The way you tell a story matters. Those big gray blocks of text simply don’t connect with the audience; more and more, the focus is on creating a great user experience – that’s what makes a story connect. And that means paying attention to the visuals.

That’s the focus of branding guru and author Laura Ries’ new book Branding With A Visual Hammer.

Given the intense popularity of visual communications platforms like Pinterest and Instagram, and the ease of getting your company message across with infographics and video, Ries’ theory about the visual hammer makes plenty of sense.

Consider the Marlboro Man or the Coca-Cola bottle. These images have been around for years. What’s going on now is a natural expansion of time tested advertising methods.

There is a neurological explanation for the power of the image. The right side of the brain processes images, and it’s also where emotions are processed. Do it right, and you will associate powerful and long lasting positive feelings with pictures.

Ries advocates for the distillation of your product message. Come up with one thought, whether that’s expressed verbally or visually, and stick with it. Hence the notion of the hammer. Keep banging it into the brains of your demographic. Think of the Target logo. Ries describes the big box store’s verbal nail as cheap chic. Couple that with the ubiquitous red and white concentric circles, and you’ve got a message that’s effective enough to make Target the leader in its vertical. The chain has been more profitable than Walmart for the past ten years.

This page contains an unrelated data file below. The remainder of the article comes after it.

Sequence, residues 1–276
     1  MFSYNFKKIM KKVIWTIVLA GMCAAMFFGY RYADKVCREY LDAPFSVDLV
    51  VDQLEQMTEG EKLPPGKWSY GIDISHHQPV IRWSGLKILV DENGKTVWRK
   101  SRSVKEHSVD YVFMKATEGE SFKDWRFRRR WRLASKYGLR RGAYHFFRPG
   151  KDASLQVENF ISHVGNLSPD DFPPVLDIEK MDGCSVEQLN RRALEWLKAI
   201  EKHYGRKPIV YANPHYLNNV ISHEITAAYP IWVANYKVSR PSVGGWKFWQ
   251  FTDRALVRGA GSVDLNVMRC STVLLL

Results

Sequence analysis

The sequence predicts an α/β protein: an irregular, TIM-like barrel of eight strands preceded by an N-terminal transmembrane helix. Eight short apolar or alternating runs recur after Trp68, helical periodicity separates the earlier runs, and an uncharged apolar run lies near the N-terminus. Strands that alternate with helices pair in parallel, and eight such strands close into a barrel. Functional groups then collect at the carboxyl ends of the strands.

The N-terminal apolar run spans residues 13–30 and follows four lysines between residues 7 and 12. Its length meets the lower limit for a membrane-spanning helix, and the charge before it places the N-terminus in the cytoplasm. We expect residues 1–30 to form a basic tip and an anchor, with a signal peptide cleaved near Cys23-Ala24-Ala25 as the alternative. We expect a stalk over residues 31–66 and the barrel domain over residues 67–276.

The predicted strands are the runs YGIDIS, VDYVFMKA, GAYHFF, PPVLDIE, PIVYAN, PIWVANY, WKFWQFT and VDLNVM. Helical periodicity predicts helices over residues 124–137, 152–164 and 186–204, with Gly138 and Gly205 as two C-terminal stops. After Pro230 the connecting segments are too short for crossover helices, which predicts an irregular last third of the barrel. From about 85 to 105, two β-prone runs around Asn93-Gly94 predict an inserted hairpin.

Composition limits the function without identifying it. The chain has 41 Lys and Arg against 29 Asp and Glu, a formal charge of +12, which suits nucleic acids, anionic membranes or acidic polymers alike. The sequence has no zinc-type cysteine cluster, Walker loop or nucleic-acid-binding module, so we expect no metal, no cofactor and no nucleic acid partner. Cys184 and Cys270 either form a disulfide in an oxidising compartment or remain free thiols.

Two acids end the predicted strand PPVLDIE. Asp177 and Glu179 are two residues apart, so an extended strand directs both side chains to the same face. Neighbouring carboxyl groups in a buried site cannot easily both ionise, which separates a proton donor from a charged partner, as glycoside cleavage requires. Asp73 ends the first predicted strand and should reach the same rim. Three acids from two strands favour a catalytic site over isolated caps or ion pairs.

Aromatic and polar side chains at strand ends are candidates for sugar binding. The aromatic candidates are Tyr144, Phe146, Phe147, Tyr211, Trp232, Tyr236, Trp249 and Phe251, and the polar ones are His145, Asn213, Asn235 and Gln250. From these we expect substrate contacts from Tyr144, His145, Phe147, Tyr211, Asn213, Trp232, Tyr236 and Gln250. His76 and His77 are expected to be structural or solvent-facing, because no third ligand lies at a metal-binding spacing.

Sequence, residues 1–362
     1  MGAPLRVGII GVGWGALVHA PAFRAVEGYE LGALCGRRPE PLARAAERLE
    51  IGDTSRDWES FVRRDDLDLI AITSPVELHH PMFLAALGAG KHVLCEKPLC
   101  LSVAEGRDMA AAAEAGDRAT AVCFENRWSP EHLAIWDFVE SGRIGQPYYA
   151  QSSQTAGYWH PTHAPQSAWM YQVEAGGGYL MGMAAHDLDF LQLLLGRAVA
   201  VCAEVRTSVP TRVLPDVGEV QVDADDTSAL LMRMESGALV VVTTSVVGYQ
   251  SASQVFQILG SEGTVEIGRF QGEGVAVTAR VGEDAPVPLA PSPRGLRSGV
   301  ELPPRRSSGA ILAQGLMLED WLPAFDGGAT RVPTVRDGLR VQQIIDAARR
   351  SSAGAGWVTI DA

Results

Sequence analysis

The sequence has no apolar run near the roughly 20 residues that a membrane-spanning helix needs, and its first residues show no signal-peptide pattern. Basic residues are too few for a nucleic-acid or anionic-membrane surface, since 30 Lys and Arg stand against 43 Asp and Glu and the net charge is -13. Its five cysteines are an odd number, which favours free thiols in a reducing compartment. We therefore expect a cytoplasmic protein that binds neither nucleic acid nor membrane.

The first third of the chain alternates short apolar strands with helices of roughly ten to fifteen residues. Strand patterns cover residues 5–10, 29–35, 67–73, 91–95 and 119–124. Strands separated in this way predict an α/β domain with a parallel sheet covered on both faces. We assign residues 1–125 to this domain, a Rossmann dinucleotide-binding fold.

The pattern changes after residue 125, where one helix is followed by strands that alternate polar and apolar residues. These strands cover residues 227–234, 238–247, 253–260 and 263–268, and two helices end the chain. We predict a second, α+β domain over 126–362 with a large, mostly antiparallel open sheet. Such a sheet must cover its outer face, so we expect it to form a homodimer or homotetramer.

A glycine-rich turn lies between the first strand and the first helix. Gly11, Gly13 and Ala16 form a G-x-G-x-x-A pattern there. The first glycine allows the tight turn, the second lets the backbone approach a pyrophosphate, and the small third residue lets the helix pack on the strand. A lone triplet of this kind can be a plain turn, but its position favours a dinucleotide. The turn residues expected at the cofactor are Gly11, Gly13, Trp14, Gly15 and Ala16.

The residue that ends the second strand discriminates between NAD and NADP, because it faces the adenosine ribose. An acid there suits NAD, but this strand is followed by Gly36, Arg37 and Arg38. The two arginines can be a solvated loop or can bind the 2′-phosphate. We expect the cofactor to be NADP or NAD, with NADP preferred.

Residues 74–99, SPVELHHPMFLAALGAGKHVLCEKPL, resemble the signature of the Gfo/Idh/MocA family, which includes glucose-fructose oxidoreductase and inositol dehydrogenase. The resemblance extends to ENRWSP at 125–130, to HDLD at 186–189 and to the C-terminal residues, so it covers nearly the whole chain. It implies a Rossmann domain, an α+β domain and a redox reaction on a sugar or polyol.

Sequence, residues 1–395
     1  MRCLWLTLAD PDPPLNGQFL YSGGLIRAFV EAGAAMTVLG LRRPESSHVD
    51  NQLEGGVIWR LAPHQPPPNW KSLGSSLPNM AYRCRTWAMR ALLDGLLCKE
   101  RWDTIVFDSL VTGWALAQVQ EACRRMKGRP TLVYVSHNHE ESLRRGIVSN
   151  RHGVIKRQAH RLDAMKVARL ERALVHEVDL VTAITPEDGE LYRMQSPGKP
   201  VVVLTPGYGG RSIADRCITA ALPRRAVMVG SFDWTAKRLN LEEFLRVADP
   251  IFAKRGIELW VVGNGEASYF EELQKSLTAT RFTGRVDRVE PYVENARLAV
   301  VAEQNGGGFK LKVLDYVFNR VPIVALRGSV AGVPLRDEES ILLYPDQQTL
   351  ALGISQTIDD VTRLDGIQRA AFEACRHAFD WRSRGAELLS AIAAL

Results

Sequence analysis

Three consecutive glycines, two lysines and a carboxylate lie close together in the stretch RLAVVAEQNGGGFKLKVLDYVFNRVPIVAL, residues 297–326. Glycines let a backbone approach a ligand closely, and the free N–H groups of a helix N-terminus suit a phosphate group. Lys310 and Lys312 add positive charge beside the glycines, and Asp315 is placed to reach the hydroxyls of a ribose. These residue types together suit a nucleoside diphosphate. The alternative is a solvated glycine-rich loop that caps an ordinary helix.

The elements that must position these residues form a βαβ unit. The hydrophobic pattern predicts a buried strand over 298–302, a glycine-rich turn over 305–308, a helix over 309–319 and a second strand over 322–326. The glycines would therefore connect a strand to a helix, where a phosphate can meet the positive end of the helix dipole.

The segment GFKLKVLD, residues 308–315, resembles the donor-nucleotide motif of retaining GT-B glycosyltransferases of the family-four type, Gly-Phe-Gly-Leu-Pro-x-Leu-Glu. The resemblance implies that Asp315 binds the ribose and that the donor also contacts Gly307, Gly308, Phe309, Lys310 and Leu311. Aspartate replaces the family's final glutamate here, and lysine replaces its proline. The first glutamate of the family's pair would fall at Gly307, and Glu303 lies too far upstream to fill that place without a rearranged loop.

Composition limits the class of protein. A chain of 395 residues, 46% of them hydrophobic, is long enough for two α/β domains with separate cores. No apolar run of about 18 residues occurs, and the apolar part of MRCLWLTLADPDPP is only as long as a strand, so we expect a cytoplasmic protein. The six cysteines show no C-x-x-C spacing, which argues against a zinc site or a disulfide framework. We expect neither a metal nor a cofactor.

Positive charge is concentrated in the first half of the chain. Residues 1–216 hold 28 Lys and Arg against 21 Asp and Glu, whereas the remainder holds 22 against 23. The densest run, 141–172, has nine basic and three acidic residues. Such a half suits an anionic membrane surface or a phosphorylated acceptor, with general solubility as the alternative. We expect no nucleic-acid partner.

Buyers want lots of things. It’s incumbent upon a brand to choose one attribute and maintain focus, says Ries.

How does this translate to the content marketing process? It’s all in the initial strategy. When you begin a content marketing campaign, put all the ideas out on the table. Consider all the things that your business offers. But then pick one. From there, you can build in complexity and explore all the benefits of your products and services. But never lose sight of that primary idea. It should inform everything you communicate. You don’t need to confuse consumers with countless messages. “When you own one attribute, a prospect is inclined to give you many others,” says Ries.

Once you have your basic message, consider what visuals will be an effective accompaniment to your core concept. Pick one and keep it top of mind. Apple may have a dozen products offering countless benefits. But you can always count on the white Apple logo to communicate the overall brand messaging. What’s your hammer?